A Chronological look at Freedom of information

The concept underlying the ideal of freedom of access to government held information actually dates back to 7th Century China during the Tang Dynasty (618-907) and particularly during the reign of Emperor T’ai-tsung (627-649). T’ai-tsung established an “Imperial Censorate”- an elite group of highly educated ‘scholar officials’ who recorded government decisions and correspondence and criticized the government, including the emperor. This institution, based on Confucian principles and philosophies, had a role to scrutinize the government and its officials, to expose “misgovernance, bureaucratic inefficiencies and official corruption.”

The first known statute worldwide to embrace aspects of access to information was a 1707 statute in Sweden and Finland (which was part of the Swedish Kingdom at the time). The statute compelled publishers of all printed material to lodge ‘legal deposit copies’ of everything they produced with government approved libraries. Interestingly, one of the major purposes for requiring this deposit was to facilitate censorship and supervision of written material in the kingdom. Another aim, however, was to ensure that publications in the realm would be accessible to the universities. This aim, along with the fact that the statute effected in the retention and indexing of documents and was later incorporated in other freedom of information and press statutes in Sweden, prompts Lamble to credit the statute as a forerunner of what would become freedom of information laws.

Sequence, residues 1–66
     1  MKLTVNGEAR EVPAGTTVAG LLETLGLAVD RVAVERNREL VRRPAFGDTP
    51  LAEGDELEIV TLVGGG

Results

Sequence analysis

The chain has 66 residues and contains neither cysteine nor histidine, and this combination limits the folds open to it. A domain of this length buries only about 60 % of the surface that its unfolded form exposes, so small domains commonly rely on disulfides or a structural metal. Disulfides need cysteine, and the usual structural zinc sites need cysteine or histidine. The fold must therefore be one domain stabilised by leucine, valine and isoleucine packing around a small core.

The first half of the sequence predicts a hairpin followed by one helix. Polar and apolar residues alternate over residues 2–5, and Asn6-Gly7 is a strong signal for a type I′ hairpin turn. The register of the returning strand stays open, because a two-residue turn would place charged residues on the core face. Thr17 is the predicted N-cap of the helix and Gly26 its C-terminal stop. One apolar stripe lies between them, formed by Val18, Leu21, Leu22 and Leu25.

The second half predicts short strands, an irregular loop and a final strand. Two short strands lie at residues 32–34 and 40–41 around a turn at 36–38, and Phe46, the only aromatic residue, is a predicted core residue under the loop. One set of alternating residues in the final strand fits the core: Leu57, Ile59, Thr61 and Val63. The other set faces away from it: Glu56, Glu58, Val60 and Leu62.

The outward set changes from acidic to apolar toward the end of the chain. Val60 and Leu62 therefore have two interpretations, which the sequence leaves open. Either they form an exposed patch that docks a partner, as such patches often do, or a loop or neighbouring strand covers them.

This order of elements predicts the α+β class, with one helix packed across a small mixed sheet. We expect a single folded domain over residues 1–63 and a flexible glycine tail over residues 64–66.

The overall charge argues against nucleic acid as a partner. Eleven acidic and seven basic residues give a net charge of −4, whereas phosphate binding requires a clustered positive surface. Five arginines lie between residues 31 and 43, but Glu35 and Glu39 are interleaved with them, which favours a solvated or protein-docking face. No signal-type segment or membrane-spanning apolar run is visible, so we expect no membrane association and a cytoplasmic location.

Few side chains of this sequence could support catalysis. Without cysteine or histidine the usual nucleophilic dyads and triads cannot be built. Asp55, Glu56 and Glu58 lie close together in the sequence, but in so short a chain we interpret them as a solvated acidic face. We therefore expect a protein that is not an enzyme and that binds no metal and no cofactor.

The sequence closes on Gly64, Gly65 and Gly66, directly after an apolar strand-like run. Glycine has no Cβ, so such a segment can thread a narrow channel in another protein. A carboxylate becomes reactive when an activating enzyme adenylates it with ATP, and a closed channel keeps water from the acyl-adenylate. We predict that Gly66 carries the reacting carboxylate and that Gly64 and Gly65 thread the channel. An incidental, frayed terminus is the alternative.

The Freedom of the Press Act of Sweden, passed in 1766, was the first statute to embrace the principles of freedom of information as we know them today. The Statute required that official documents should upon request “immediately be made available to anyone making a request” at no cost. Now a part of the Constitution, the Statute decreed that “every Swedish citizen shall have free access to official documents.” The Swedish Act was actually introduced by a Finnish clergyman and Member of Parliament in Sweden, Anders Chydenius. Chydenius who graduated at the age of 24 with a Master of Arts degree from the University of Uppsala in Sweden (the oldest university in Scandinavia) in addition to his duties as a Lutheran curate, also practiced medicine, and was very interested in economic politics. A radical reformist, his most widely known work, Den nationale vinsten (The National Profit) published in 1765 has caused him to be acclaimed a ‘Finnish predecessor to Adam Smith’ whose Wealth of Nations which advocated several similar ideas was published 11 years after Chydenius’ book. A student of Chinese freedom of the press and information principles of the Ch’ing dynasty (1644-1911), Chydenius also wrote extensively on the Tang dynasty (618-907) as precursors to freedom of information principles. The Swedish press statute was updated with a new statute in both 1810 and 1812.